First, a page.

The City of Toronto and many cities throughout this country were built by hard working immigrants that formed our foundation one brick at a time. Immigration from Portugal, Italy, Poland and others traveled to this country to have a better life and in doing so had a major impact on many buildings and infrastructures not only in Canada, but also in the United States.
In the aftermath of the Second World War, Canadian immigration policy remained highly restrictive, preventing the migration of displaced persons, refugees, and other immigrants.
In the late 1940’s, Italians were removed from the enemy alien list, promoting the largest wave of Italian immigration to Canada. Between the early 1950s and the mid-1960s, approximately 20,000-30,000 Italians immigrated to Canada each year. Many Italians came to Canada on government-sponsored one-year contracts to work in industries with labour shortages, however, the majority of Italian immigrants during this period arrived through the process of chain-migration in which family members already in Canada sponsored their relatives from abroad. The number of Italian immigrants decreased significantly in the late 1960s as the Italian economy experienced a period of growth and recovery, removing one of the primary incentives for emigration.
Immigrants faced many difficulties and challenges as they learned the language and adjusted to the rhythm of life in their new country. The majority of Portuguese and Italian immigrants travelled to Canada by ocean liner, landing at Pier 21 in Halifax, Nova Scotia. The felling’s of unfamiliarity associated with immigration often began during the voyage. When many folks got to their destinations, it wasn’t easy to blend into a new society and find work. Most of the labourer and grunt work was done by immigrants, especially in the construction and infrastructure sectors.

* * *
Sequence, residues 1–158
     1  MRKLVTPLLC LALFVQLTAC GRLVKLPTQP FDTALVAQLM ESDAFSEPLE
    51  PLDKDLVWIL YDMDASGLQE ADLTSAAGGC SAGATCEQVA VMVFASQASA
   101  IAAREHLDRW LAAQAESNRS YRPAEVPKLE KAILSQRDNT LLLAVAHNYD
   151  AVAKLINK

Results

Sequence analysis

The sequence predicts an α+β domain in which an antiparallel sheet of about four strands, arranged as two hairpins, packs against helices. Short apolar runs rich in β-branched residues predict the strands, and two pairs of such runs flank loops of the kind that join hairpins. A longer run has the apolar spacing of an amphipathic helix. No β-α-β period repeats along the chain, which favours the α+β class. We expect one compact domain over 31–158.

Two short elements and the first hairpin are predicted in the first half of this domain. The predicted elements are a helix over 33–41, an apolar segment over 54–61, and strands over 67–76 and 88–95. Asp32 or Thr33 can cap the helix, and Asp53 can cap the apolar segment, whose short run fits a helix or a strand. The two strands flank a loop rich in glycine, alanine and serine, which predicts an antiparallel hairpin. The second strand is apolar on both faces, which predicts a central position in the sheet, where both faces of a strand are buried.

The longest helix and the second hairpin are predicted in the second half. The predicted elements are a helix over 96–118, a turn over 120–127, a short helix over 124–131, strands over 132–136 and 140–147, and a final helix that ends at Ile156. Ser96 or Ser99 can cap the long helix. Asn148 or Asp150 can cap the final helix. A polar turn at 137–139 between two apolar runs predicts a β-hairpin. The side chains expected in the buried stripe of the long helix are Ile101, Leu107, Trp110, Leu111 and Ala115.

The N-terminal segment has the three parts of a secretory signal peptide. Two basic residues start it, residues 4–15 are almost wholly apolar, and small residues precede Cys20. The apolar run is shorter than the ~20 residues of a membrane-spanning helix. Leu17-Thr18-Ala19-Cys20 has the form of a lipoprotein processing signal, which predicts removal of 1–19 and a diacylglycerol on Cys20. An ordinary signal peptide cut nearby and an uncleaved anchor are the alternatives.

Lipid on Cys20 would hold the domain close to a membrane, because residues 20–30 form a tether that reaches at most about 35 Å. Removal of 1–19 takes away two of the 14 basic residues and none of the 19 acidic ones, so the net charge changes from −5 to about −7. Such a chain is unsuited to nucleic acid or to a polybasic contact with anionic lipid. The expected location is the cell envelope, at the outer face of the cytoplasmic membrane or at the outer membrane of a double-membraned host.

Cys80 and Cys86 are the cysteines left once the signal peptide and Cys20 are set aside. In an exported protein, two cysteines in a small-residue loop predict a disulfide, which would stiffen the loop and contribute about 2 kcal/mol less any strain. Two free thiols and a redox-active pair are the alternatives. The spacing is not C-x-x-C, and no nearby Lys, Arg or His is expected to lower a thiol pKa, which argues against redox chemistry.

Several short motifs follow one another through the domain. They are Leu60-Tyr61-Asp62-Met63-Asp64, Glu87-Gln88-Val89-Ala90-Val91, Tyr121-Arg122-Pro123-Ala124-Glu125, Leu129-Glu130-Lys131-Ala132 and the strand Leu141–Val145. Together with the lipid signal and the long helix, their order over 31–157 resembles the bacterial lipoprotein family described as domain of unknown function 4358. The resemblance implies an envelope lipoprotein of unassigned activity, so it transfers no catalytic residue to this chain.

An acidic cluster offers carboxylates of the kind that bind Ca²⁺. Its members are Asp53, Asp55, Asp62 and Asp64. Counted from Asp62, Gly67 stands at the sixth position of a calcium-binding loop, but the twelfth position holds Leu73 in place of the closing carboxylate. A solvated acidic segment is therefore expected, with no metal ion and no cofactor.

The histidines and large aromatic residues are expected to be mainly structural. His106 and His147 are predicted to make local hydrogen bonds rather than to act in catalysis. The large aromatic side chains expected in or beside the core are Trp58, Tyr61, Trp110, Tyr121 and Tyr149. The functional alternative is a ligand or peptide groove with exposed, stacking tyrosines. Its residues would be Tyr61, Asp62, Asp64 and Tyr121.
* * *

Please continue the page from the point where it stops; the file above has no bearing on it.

Canada was a completely unknown world for the Portuguese and other ethnic groups. The men who came by boat load were soon separated from each other and incapable of speaking any French or English, they lived virtual isolation for months on end. Their only means of communication was with hand gestures they invented to explain to employers and fellow workers their needs or problems.
The Portuguese and Italian communities were often marginalized in the mid-part of the 20th century and the construction industry offered a venue for them to respond collectively and make their voices heard on issues of social justice and equal rights. Companies would take advantage of many of these workers by having them work long hours and compromise on the lack of safety precautions. Many ethnics died during these early times in trying to construct these large buildings and infrastructure projects. There is a report that from 1950 to 1979 there were 241 construction workplace deaths reported in Toronto.
The human costs of building this city is incredibly high. Many people believe that the death rate was actually much higher as those reported are just the ones recorded in news reports and don’t include workers who died after an incident or from long-term occupational illness from exposure to asbestos and other poisons that were never detected. Many of these men were just a number as nobody really cared, because there were hundreds of other ethnic men that would take that job.
Portuguese Canadians struggled for decades and were one of the most underprivileged ethnic groups in Canada. During the 1960s, many Portuguese families opened all types of retail outlets from bakeries to clothing stores. But in the 1970s, second and subsequent generation Portuguese Canadians were better educated and integrated into Canadian society, and entered fields of high-school teachers, lawyers, and other areas other than construction and labour.
Many of our hard-working relatives made this country what it is today from coast to coast and endured many hard-ships along the way with very little noise and toll on the system.
These men and women who immigrated from Portugal and other countries are the basic foundation of this country and deserve to be recognized for building this country to what it is today.
The legacy of the immigrant workers is visible in the buildings, bridges, subways and roads they built, but little of their history is documented.